Twinkle, twinkle, little star. How I wonder what you are.
Have you ever been listening to a song and it brings back a vivid memory from years before?
In the case of “Twinkle Twinkle Little Star,” this may bring back memories from childhood, such as parents singing, siblings playing or the smell of homemade fried cheese curds.
Music & Memory is a non-profit organization that sees this reconnective power of music, and helps individuals with dementia live more fulfilling lives with their loved ones across the U.S. Executive Director Dan Cohen gained his vision, in 2006, when working as a volunteer in nursing homes. During this time, Cohen observed the healing power of music, and how music improved the wellbeing of individuals with dementia.
The Science of Memory
The science behind music and memory backs-up Collin’s initial observations.
“Songs that were a part of your life, especially during that part of your life when you are a teenager or a young adult, becomes very encoded with emotional context as well. Particularly songs will bring back memories of who you were with, what you were doing, how you felt, what the smell in the air was, where you were, all the different things that become attached to the memories of a particular song,” Kristen Felten, Dementia Specialist in the Office on Aging with WI DHS, said.
Dementia is an umbrella statement for different types of memory loss. Alzheimer’s is the most common form of dementia with about 70 percent of all dementia being classified as Alzheimer’s.
“One of the first symptoms of Alzheimer’s disease is short term memory loss. It is common for people to forget particular words and to lose the train of a conversation,” Felten said.
Memory loss occurs as Alzheimer’s disease kills brain cells in areas of the brain that store memories.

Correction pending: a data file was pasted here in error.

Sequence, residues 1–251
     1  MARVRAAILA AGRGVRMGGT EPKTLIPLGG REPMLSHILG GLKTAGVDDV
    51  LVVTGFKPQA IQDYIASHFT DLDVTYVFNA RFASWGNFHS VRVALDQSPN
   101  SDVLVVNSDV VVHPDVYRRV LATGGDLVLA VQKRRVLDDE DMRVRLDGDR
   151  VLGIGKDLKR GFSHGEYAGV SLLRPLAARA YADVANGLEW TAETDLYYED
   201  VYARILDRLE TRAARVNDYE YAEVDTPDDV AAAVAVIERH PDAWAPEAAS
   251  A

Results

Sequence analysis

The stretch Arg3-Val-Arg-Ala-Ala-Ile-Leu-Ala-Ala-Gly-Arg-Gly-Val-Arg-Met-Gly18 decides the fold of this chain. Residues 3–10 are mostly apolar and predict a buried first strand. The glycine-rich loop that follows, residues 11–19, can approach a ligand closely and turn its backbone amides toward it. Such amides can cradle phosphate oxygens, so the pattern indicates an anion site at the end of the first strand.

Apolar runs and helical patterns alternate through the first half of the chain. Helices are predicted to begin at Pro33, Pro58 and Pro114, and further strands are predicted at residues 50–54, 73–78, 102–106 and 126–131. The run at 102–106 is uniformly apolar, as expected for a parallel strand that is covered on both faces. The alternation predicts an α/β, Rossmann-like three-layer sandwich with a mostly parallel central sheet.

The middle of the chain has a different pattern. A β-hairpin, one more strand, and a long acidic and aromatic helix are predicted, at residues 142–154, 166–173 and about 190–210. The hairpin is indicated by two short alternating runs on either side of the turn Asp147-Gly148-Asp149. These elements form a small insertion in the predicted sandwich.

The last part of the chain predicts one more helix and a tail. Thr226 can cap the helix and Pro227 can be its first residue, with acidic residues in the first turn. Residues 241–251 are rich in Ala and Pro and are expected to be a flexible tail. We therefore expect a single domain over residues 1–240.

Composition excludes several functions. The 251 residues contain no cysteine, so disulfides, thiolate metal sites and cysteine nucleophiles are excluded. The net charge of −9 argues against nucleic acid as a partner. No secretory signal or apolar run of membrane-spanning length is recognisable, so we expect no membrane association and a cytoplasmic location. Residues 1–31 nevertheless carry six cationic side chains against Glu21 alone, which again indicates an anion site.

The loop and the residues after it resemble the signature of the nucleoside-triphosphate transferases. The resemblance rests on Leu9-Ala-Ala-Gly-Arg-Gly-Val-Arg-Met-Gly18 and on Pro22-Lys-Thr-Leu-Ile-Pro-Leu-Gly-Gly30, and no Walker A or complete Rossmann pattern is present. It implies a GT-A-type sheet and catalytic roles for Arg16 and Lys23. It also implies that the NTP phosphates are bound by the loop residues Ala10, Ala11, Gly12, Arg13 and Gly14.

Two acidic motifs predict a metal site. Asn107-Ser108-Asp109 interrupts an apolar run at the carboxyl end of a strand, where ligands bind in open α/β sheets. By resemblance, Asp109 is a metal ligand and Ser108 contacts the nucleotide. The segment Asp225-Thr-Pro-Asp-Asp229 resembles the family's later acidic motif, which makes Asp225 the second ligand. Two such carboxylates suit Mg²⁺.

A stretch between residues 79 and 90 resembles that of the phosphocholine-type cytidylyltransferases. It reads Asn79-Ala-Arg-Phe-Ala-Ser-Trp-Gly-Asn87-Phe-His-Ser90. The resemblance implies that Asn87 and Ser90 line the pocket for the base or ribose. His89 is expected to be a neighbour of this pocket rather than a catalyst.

“[The hippocampus] is the part of the brain that is responsible for converting things that are happening to memory storage,” Felten said.
Alzheimer’s disease attacks the hippocampus, which makes individuals unable to turn experiences into memories.
“Individuals lose their ability to recall what happened just a short time before. It becomes impossible for people to remember things that happened day to day,” Felten said.
Part of the reason music works so well with memory is due to different types of memory individuals create. It’s an individual’s emotional memories that are triggered by music.
“Emotional memories are memories captured in a different part of the brain. Music is a powerful art form that then has emotional memories attached to it,” Felten said. In addition, memories that are associated with songs lasts for a long time, even through the progression of Alzheimer’s and dementia.
How to Choose the Music
The way music is chosen depends on how far along the individual is with Alzheimer’s. Creating a playlist while a person is healthy is ideal. If a person is able to, have them work with family and friends to select songs to add to their playlist. If a loved one is not able to help create the playlist, family and friends can step-in to select songs.
“If it’s early on, then [patients] can actually help to create that list. Even if they’re not able to recall the name of the song or the name of the artist, they may be able to point to era, particular years, particular types of music that they like,” Felten said….